Posts by Tobias Lock

With little more than six months to go before the UK leaves the EU on 29 March 2019, the position of Scotland vis-à-vis the EU is not much clearer than it was in the immediate aftermath of the EU referendum more than two years ago. The Scottish Government has put the question of a second... Read more
Post type: Blog entry
The hesitant progress of Brexit legislation through Westminster has provided parliament with an opportunity to show its teeth and, says Tobias Lock, it demonstrates that the legislature has bite as well as bark. Cross posted from European Futures - Has Parliament Taken Charge of Brexit? The UK... Read more
Post type: Blog entry
Prime Minister Theresa May’s Brexit ‘red line’ on a role for the European Court of Justice has been a major source of complication in the early stages of the negotiations, writes Tobias Lock. Analysing the recent UK government negotiating paper on dispute resolution, he argues that its shift in... Read more
Post type: Blog entry
Following the High Court’s ruling on whether the UK Parliament should be involved in the activation of the Article 50 process to leave the EU, Tobias Lock analyses the judgement. He observes that the UK government will find it difficult to construct an effective case on appeal, and that, should... Read more
Post type: Blog entry
 Tobias Lock discusses a number of options for Scotland’s European future.   The fact that Scotland voted with 62% for the UK to remain a member of the EU whereas the majority of the overall UK electorate opted to leave the EU, raises important political and legal questions. Scotland’s First... Read more
Post type: Blog entry
By Tobias Lock, Europa Institute at the University of Edinburgh. Arguments around sovereignty are at the heart of the debate on whether the UK should leave the EU. Those advocating a ‘Leave’ vote on 23 June contend that many laws applicable in Britain are not made by directly elected and fully... Read more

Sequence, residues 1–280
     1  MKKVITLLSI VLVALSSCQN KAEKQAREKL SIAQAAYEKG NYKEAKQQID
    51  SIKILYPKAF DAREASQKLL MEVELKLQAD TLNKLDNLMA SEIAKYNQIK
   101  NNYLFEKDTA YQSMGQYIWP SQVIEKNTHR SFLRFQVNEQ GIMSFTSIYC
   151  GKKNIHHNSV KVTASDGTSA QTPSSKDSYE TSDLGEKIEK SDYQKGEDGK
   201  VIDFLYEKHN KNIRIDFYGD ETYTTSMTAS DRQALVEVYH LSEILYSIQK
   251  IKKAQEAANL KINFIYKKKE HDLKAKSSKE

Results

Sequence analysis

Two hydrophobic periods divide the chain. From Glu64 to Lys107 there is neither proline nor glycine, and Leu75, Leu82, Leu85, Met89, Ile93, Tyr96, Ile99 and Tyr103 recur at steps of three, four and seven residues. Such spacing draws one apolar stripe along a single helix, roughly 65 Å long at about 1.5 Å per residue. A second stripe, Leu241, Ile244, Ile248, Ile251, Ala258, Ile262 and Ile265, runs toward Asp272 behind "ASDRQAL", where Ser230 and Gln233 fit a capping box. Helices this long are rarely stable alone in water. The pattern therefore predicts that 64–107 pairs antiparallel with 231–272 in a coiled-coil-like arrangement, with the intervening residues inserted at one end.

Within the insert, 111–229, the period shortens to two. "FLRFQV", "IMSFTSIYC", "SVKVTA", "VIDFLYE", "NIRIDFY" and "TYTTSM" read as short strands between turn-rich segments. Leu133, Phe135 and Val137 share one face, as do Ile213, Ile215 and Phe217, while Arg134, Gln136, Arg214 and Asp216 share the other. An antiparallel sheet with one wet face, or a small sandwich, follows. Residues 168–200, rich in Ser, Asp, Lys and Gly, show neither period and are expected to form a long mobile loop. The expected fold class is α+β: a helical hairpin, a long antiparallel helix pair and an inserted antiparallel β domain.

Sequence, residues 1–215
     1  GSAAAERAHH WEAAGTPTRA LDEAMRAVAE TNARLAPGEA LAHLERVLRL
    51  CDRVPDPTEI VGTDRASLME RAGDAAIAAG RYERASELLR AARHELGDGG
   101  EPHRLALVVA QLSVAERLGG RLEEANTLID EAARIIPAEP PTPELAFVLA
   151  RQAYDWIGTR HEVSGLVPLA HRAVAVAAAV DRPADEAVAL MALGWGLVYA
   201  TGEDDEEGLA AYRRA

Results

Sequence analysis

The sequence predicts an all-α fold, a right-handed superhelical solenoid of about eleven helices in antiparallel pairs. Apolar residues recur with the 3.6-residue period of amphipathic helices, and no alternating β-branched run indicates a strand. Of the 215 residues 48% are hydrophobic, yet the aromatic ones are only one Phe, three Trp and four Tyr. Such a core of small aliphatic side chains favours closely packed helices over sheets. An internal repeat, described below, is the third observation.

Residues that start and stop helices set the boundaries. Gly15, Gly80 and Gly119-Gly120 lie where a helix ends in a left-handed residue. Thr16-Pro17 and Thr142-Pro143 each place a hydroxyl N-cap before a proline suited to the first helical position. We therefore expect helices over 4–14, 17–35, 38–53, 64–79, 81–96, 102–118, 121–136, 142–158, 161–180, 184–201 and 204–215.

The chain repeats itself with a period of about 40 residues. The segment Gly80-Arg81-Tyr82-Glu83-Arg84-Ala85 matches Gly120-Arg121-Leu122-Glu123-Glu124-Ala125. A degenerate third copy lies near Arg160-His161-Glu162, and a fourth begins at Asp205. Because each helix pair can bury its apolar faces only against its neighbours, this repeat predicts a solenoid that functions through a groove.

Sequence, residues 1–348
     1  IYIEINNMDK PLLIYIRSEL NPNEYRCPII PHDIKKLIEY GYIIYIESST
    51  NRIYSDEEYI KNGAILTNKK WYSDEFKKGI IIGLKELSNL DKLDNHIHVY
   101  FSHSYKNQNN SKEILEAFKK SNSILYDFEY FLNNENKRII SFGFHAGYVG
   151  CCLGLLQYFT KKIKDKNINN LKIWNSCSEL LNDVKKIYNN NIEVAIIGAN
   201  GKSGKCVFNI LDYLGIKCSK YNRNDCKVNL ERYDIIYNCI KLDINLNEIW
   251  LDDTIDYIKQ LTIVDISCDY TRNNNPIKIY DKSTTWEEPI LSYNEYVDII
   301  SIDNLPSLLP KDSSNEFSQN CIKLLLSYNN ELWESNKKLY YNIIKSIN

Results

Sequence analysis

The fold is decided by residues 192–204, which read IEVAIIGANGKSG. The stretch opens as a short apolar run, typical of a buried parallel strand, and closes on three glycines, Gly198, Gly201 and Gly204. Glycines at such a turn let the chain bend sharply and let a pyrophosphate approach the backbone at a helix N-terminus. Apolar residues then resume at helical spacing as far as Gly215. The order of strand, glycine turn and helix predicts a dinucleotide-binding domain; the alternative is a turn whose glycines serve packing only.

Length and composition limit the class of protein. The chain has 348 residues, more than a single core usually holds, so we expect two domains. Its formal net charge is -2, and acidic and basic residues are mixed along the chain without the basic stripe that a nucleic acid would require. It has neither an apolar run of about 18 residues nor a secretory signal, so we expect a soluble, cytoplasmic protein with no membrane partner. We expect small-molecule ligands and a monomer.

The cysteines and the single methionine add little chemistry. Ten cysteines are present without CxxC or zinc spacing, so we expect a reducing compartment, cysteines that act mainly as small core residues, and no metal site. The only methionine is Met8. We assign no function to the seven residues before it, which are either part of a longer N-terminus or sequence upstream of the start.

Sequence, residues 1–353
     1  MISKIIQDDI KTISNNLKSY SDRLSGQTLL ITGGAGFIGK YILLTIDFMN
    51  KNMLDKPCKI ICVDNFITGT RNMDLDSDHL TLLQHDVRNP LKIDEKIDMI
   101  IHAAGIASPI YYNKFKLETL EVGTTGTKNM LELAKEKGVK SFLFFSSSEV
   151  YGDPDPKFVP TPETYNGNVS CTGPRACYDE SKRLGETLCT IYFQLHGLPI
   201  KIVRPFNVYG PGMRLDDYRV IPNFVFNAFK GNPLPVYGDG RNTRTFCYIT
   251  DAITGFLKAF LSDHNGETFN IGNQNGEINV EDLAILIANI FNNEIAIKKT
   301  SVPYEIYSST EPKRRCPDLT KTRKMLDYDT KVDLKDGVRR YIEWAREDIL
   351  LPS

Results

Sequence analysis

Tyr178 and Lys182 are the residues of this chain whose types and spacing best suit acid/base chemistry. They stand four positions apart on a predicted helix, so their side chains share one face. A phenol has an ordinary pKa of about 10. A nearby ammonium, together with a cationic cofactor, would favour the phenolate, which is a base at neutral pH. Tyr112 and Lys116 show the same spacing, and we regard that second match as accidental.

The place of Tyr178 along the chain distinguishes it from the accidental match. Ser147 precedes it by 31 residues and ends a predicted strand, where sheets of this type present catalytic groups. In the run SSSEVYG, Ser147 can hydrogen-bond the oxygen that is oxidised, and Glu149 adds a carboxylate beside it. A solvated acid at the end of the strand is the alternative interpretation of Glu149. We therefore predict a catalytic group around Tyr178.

Post type: Blog entry

Latest blogs

  • 19th October 2018

    Proposed revisions to the Basque Statute of Autonomy have revealed underlying tensions but the fault lines are not where an outside observer might assume they would be. They are fundamental and political and, explains Michael Keating, unlikely to be resolved by technocratic debate.

  • 16th October 2018

    Bavaria’s long-dominant party, the conservative Christian Social Union (CSU), has reached its worst election result in 60 years. As well as causing a headache for Angela Merkel, argues Patrick Utz, this political earthquake reveals Bavaria’s predicament between regionalism and populism,.

  • 15th October 2018

    As the buildup to the EU Council meeting reaches fever pitch, Richard Parry explains that deals at dawn may work in Brussels but they don't always play to the home crowd.

  • 13th October 2018

    Theresa May’s efforts to keep her DUP allies onside may, suggests Prof Nicola McEwen, end up easing Nicola Sturgeon’s path to independence following any subsequent referendum on the subject.

  • 12th October 2018

    The Commission on Justice in Wales, chaired by Lord Thomas of Cwmgiedd, will further clarify the legal and political identity of Wales within the UK constitution. Doing so, explains Prof Dan Wincott, will also bring clarity to the enduring significance of other territorial legal jurisdictions.

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